Slipped in to the briefings for Intel's mountain of announcements today are two new enterprise SSDs at opposite ends of the product line: a new Optane SSD and a new QLC NAND SSD.

Intel Optane SSD DC D4800X

The new Optane SSD DC D4800X differs from the existing P4800X by adding support for dual-port PCIe operation (for high availability) when attached through a PCIe fabric that provides redundant data paths. Most of Intel's NAND-based enterprise NVMe SSDs have dual-port counterparts, but this is the first time this feature has shown up in the Optane product family.

Dual-port support is a relatively niche feature, to the point that many of the current-generation dual-port drives aren't listed on ark.intel.com, and we don't have detailed specifications. Performance will be a bit constrained when using just one of the PCIe 3.0 x2 links, but most of Optane's advantages in latency and random IO throughput will be retained. While the performance-oriented P4800X is available in both U.2 and add-in card form factors, the dual-port capability only makes sense for the hot-swappable U.2 form factor (and potentially EDSFF in the future).

The addition of the dual-port Optane drive indicates that Optane SSDs are reaching a broader audience that now includes mission-critical systems that need high performance but aren't seeking maximum performance to the exclusion of all other factors.

Intel SSD DC D5-P4326

Intel's lineup of enterprise/datacenter SSDs that use four bit per cell QLC NAND flash memory is also expanding. Joining the 7.68TB SSD D5-P4320 announced last fall is the new SSD D5-P4326 with 15.36TB and 30.72TB usable capacities. Intel claims these are the first drives in production that comply with the EDSFF E1.L form factor standard, derived from Intel's earlier "Ruler" concept. The smaller 15.36TB capacity is also available in 2.5" 15mm U.2 form factor. That 15.36TB model was mentioned earlier this year as available for "limited deployments", but Intel is now ready to scale up their efforts.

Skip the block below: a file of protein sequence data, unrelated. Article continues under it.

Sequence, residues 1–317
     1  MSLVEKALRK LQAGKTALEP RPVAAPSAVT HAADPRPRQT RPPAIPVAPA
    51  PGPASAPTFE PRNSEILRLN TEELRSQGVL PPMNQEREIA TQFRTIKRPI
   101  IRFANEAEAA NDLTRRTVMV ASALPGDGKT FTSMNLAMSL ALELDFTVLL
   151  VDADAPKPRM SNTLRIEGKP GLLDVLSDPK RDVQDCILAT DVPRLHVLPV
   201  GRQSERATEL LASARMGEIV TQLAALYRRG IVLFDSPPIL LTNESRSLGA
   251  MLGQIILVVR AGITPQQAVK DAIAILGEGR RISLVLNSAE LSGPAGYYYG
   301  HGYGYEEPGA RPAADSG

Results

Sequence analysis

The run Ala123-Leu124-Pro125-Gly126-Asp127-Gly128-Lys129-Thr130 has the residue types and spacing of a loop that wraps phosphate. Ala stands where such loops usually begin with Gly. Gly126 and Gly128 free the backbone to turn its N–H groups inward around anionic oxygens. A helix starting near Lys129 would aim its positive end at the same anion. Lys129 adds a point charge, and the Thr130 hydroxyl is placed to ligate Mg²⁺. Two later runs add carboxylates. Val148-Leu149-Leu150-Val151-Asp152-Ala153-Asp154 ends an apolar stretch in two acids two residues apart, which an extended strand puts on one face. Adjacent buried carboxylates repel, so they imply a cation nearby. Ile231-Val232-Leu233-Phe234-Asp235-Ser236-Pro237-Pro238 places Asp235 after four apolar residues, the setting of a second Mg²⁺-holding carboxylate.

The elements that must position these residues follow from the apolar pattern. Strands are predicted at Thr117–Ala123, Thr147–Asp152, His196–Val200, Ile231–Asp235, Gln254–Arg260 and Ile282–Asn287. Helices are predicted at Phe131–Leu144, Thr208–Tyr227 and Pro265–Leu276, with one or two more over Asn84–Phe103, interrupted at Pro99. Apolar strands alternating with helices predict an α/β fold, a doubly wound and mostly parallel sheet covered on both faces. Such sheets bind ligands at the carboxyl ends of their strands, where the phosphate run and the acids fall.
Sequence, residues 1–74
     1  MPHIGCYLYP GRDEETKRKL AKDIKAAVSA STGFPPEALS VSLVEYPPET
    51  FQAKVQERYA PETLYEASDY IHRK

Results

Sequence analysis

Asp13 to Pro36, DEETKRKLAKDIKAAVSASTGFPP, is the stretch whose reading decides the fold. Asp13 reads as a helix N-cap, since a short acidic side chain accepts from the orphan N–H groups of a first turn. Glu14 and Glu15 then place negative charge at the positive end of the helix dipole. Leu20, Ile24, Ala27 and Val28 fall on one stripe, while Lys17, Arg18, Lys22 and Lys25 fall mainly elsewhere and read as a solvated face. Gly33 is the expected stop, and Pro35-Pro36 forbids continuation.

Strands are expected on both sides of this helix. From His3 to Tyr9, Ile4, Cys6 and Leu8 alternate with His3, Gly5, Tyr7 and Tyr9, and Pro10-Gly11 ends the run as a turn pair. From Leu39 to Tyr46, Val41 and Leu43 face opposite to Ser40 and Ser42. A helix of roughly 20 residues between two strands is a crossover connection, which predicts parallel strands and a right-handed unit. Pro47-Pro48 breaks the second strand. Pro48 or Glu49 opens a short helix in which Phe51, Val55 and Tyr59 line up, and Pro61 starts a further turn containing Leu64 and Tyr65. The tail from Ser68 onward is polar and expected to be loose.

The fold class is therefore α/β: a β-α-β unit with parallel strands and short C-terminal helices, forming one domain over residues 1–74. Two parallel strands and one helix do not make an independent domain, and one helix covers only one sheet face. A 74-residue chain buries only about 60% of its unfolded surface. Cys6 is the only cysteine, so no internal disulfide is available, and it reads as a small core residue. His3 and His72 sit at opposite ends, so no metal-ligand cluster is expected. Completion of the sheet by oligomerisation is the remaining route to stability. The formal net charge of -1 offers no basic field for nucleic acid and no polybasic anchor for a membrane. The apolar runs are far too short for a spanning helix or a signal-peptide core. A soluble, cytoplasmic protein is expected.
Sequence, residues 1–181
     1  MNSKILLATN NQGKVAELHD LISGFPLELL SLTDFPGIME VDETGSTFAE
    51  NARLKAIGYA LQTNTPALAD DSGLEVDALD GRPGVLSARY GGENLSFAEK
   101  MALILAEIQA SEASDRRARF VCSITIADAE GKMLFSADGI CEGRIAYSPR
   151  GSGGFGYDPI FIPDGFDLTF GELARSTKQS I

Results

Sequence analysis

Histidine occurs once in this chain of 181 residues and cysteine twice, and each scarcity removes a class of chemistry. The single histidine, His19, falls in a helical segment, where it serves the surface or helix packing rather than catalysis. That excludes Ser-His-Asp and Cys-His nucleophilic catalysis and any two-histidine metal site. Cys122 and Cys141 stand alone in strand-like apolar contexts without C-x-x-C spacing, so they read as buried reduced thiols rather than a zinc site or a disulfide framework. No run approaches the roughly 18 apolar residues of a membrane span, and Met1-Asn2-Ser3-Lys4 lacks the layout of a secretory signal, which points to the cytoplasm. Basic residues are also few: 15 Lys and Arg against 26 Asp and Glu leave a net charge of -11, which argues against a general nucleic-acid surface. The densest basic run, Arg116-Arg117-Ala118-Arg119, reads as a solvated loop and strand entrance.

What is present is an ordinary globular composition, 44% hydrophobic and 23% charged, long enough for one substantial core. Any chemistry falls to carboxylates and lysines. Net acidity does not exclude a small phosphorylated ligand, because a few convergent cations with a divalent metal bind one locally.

Compared to Intel's 7.68TB P4320, the larger P4326 drives have improved random read and sequential write performance, while sequential read performance is unchanged and steady-state random write speeds fall significantly to just 11k IOPS. These drives offer the lowest performance and endurance but highest density in Intel's SSD product line: the 30.72TB model allows Intel to reach the goal of 1PB (raw capacity) of flash storage in a 1U server, thanks to the slim EDSFF form factor. Performance per TB is down relative to the smaller P4320, so the P4326 is even less suited for storing hot data, but it still offers a compelling performance advantage over mechanical hard drives, and the write endurance does scale in proportion to capacity: 0.18 drive writes per day for random I/O, and 0.9 DWPD for sequential I/O.